$100 billion benefit from boost in R&D investment

Two people in lab. | Newsreel
An investment boost to research and development will add billions to the economy. | iStock

The Australian economy would be $100 billion bigger and support an extra 42,000 new jobs if 3 per cent of GDP was invested in research and development, new analysis by the nation’s peak body for science and technology has found.

Science & Technology Australia President Professor Sharath Sriram said reaching the 3 per cent target would turn Australia into an innovation nation and create an innovation ecosystem that would secure the country’s economic future.

Professor Sriram works at connecting industry and researchers and has created more than $9 million in commercial partnerships for RMIT.

He said Australia’s spending on research and development as a percentage of GDP had been in decline for more than a decade and we now spend less than 2 cents in every dollar on economy-boosting R&D, while The United States spends more than double that and South Korea almost triple.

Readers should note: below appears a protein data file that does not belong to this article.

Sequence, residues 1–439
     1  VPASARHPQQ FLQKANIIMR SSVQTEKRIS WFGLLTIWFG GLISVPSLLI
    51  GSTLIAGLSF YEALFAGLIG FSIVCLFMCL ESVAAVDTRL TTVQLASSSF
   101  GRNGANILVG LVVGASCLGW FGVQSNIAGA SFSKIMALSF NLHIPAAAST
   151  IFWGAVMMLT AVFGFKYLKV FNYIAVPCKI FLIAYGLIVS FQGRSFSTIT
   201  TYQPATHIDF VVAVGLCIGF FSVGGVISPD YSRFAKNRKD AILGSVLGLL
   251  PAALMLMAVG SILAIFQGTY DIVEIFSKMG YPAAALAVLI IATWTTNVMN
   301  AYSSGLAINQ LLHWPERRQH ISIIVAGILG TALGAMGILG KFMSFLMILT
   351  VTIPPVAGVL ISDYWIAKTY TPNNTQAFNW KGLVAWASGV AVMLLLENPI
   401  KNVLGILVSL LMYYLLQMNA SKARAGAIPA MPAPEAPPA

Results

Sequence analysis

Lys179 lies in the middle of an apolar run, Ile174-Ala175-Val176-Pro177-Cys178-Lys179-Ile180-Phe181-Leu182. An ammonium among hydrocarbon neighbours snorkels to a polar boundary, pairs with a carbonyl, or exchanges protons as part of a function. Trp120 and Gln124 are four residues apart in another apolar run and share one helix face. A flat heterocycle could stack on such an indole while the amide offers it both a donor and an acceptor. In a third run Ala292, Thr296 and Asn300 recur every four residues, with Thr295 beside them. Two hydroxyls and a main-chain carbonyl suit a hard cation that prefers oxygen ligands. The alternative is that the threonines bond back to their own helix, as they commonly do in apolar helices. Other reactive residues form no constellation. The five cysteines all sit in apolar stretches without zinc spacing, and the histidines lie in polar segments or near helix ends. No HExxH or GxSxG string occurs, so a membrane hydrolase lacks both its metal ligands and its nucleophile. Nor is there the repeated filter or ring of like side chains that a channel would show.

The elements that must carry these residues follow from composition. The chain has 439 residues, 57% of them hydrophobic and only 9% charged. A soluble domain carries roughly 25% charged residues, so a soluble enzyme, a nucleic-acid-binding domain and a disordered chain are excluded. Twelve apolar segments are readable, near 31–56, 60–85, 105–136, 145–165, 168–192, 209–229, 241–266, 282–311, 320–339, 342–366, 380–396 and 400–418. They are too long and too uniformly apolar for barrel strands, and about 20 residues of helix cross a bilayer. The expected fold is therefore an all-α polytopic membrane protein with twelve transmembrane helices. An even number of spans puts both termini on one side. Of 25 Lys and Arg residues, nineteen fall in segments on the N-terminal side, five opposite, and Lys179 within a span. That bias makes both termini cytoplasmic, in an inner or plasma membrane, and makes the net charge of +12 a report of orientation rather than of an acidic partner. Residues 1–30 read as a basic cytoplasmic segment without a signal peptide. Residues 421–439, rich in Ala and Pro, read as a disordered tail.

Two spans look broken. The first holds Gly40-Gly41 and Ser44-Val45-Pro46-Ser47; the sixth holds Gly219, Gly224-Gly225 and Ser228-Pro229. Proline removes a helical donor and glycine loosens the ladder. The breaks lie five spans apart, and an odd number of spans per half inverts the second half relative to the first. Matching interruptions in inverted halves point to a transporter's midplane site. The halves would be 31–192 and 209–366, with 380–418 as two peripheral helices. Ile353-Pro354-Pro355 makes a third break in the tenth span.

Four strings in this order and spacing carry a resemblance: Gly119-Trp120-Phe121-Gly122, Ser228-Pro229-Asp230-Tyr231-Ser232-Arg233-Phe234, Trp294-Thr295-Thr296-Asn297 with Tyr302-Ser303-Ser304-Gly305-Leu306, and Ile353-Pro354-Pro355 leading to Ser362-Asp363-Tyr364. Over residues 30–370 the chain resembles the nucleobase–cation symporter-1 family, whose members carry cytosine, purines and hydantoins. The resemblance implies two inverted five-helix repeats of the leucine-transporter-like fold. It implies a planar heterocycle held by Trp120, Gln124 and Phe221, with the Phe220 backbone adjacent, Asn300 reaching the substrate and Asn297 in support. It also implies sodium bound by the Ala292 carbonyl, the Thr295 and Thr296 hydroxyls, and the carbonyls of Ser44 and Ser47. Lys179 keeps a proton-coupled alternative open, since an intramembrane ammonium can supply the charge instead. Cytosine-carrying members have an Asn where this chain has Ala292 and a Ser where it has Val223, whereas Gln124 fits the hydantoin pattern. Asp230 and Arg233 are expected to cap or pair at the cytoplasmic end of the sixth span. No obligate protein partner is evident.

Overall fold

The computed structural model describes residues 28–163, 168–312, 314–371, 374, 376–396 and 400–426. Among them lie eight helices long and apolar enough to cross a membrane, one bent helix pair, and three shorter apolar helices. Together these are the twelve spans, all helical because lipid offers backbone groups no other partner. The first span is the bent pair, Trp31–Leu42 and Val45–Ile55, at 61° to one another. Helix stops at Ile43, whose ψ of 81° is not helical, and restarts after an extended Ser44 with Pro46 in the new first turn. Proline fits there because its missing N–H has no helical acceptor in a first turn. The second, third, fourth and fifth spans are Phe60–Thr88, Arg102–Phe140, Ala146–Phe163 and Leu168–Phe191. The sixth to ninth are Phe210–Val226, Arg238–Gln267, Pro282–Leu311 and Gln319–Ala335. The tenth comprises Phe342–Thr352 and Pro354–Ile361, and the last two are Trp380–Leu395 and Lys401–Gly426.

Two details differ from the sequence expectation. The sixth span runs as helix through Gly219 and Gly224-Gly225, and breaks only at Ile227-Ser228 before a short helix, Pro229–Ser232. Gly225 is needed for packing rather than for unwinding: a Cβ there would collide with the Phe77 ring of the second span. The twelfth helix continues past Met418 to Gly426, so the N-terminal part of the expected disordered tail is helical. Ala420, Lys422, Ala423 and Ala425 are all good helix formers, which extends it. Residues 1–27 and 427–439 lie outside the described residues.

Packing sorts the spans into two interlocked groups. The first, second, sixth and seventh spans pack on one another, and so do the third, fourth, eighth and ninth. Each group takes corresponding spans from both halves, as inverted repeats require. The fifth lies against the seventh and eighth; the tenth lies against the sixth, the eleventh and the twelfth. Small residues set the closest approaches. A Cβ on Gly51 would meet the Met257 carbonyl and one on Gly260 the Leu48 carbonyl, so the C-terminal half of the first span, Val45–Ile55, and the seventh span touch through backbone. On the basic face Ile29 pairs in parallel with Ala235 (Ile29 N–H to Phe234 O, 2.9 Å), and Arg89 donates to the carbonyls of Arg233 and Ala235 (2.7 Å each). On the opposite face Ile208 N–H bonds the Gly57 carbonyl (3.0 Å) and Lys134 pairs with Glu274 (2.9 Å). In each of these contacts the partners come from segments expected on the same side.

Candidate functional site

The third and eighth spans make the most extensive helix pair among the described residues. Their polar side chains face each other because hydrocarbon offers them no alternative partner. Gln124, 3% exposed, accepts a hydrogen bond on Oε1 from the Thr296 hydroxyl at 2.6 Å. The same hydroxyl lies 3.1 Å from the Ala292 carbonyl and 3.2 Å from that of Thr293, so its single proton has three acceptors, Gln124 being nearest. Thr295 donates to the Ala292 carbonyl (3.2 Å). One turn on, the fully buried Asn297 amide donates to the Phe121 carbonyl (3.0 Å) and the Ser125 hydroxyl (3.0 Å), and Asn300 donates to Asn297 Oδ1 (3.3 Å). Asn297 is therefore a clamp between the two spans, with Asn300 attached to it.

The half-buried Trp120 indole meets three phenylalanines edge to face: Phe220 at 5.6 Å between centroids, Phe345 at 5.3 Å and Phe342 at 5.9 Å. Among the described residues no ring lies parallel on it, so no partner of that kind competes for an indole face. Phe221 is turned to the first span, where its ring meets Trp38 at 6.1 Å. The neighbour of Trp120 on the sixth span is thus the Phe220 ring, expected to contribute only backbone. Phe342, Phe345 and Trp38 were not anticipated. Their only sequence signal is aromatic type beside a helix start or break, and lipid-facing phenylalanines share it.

“If we were investing that 3 per cent of GDP in R&D right now, the economy would be $100 billion and 42,000 jobs better off. And this is a conservative estimate,” Professor Sriram said.

“To maintain our standard of living, Australia must increase R&D expenditure to 3 per cent of GDP as fast as we can.”

Key to the success of that plan would be a connected innovation ecosystem that smoothly took great Australian ideas and turned them into products and services.

“The three parts of our innovation ecosystem need to work in cohesion – universities and research institutes generating ideas, businesses transforming and adopting them, with government championing the efforts with strategic incentives and driving efficiencies,” Professor Sriram said.

“Creating this ecosystem is crucial. Failing to build it will have big consequences.

“If we fail to diversify, if we don’t become an innovation-driven economy, then we will be a nation of consumers rather than creators. We will end up paying an ever-increasing rent to the rest of the world.

“Unless we become a smarter country, we’re doomed to become a poorer one.”